Land is something that Africans fought for as it was the focal point of the African struggle for emancipation, especially in Southern Africa. On our continent, as elsewhere, land is more than just a geographical place or a potential economic investment opportunity; it is intimately tied to our identity and our being. Anyone who takes land away from us tramples on the very source of our identity, violates our dignity, and ultimately negates our humanity. It’s no wonder that in Southern Africa, the issue of land has dominated the post-colonial discourses. Yet, more than two decades after the end of apartheid in South Africa, the political elite are yet to come to an agreement about resolving the issue of land redistribution.
It has taken the African National Congress (ANC) almost four years of political manoeuvring to finally push forward the process – started in February 2018 – of changing some parts of the South African constitution to explicitly allow for the expropriation of land without compensation. On Tuesday, 7th of December 2021, the bill that would permit for the amendment of Section 25 of the constitution was to be debated and passed into law. For any change of the constitution to take place, the law requires a two-thirds majority, which is about 267 votes from the National Assembly. With a total of 230 votes under its control, the ANC which introduced the bill needed the support of the two main opposition parties (the Democratic Alliance (DA)’s 91 votes or the Economic Freedom Fighter (EFF)’s 44 votes) to push the bill through. Unfortunately, both parties rejected the amendments, and the bill failed to pass.
The DA’s opposition to the amendment was not surprising as its position was clear from the beginning. This is a party that has always sought to promote the interests of its white members and supporters who still possess most of the South African land. Hence, the DA has always been staunchly opposed to any possible amendment that permits land expropriation without compensation, with MP Annelie Lotriet of the DA arguing that the Constitution and Section 25 were not stumbling blocks in the way of land reform. She further went on to say that “Creating uncertainty around property rights goes counter to the rule of law,” adding that “there is no need to amend Section 25, and this bill falls foul of the Bill of Rights.”
However, it surprised many that the EFF, which brought the initial motion for such an amendment, rejected ANC’s proposal. Given EFF’s and ANC’s common rhetoric that invokes the redemptive mantra that seeks to lift the masses from poverty, one would have expected their positions to align on this crucial matter. The leader of the EFF, Julius Malema, explained that they rejected the constitutional amendment bill because it stands as an impediment to Black people’s struggle for land repossession. According to him, the version presented by the government was watered down and a complete departure from the radical proposal that was made.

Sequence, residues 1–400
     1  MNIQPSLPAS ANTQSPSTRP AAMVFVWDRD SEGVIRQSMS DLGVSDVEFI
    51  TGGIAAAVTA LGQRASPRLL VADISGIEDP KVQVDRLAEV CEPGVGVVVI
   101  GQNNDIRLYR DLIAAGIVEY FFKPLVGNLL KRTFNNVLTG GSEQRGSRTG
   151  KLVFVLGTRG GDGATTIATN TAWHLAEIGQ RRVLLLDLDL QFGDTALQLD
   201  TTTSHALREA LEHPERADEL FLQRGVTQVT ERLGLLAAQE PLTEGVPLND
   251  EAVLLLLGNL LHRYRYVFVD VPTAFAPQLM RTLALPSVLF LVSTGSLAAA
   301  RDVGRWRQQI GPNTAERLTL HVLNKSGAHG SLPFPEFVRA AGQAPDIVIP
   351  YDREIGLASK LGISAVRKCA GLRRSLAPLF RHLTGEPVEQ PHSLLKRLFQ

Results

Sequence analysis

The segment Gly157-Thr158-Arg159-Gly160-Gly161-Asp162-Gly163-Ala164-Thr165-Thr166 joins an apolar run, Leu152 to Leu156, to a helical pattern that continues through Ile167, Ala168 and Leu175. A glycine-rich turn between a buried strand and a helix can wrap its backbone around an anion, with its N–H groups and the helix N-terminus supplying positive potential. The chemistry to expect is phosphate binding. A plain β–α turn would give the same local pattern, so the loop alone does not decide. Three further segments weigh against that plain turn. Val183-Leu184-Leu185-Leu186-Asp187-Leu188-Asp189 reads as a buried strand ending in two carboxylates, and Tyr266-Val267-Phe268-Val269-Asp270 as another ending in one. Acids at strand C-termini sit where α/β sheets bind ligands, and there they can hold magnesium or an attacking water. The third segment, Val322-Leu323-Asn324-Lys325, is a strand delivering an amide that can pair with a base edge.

“The current bill makes meaningless provisions for the state to be a custodian of certain land and does not define what this certain land is… If this bill is allowed to pass, it would signify a sell-out position and further disenfranchisement of black people,” Malema said.
Malema also pointed out that his party tried to negotiate with the ANC, and that the EFF only pulled its support when “the ANC rejected its proposals of state custodianship for all land, and after a series of bilateral political meetings.” For Malema, this fallout was simply because the ruling party does not represent the interests of the dispossessed majority. It is noteworthy that the reason why the EFF insists on the need to put all land under state custodianship is to ultimately achieve equitable redistribution. The EFF believes that the position taken by the ruling party is inspired by the convictions of ANC sell-outs “captured by white monopoly capital.” The EFF is convinced that the ANC wants to maintain the status quo, thereby implicitly protecting the property rights of white landowners just like the DA and other liberal parties.
The ANC, on its part, accused those who do not support the bill of being against the poor landless Black South Africans. For example, an ANC member of parliament, Mathole Motshekga, who was the chair of the ad hoc committee that drafted the bill, said “the House had an opportunity by adopting the bill to eradicate the original sin in the interest of all South Africans.” He went on to say the “bill sought to address the crime against the African humanity – the dispossession of land.”
By this statement, he was implying that those who choose to oppose the bill are confirming, through their actions, that “the suffering of African people in particular and black people, in general, should continue until sometime in the future when they are in power, something that will never happen.” In other words, both the ANC and the EFF accuse each other of sacrificing the cause of liberation at the altar of selfish, sectarian interests.
But when all is said and done, it is the Black landless people that lose. What happened in South Africa has only served to keep the oppressor in control of what matters most to the dispossessed: land. Whether the bill was passed or not is not as important as our leaders’ priorities. It is crucial to ask ourselves whether South African leaders’ priorities are the people or are based on their loyalty to private interests while using the masses as their ticket to positions of power.